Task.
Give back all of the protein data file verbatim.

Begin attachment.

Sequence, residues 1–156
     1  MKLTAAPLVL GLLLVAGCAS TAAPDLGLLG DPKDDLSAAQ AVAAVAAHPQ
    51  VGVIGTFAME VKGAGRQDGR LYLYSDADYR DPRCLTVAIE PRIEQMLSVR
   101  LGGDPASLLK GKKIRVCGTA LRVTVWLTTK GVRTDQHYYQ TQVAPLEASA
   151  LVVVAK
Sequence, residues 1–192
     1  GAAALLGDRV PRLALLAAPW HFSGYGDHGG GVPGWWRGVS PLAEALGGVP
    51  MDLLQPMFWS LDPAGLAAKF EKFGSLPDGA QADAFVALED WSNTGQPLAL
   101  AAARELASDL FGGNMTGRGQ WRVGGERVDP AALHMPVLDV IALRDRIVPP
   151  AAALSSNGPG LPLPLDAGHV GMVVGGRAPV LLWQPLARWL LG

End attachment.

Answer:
Sequence, residues 1–156
     1  MKLTAAPLVL GLLLVAGCAS TAAPDLGLLG DPKDDLSAAQ AVAAVAAHPQ
    51  VGVIGTFAME VKGAGRQDGR LYLYSDADYR DPRCLTVAIE PRIEQMLSVR
   101  LGGDPASLLK GKKIRVCGTA LRVTVWLTTK GVRTDQHYYQ TQVAPLEASA
   151  LVVVAK
Sequence, residues 1–192
     1  GAAALLGDRV PRLALLAAPW HFSGYGDHGG GVPGWWRGVS PLAEALGGVP
    51  MDLLQPMFWS LDPAGLAAKF EKFGSLPDGA QADAFVALED WSNTGQPLAL
   101  AAARELASDL FGGNMTGRGQ WRVGGERVDP AALHMPVLDV IALRDRIVPP
   151  AAALSSNGPG LPLPLDAGHV GMVVGGRAPV LLWQPLARWL LG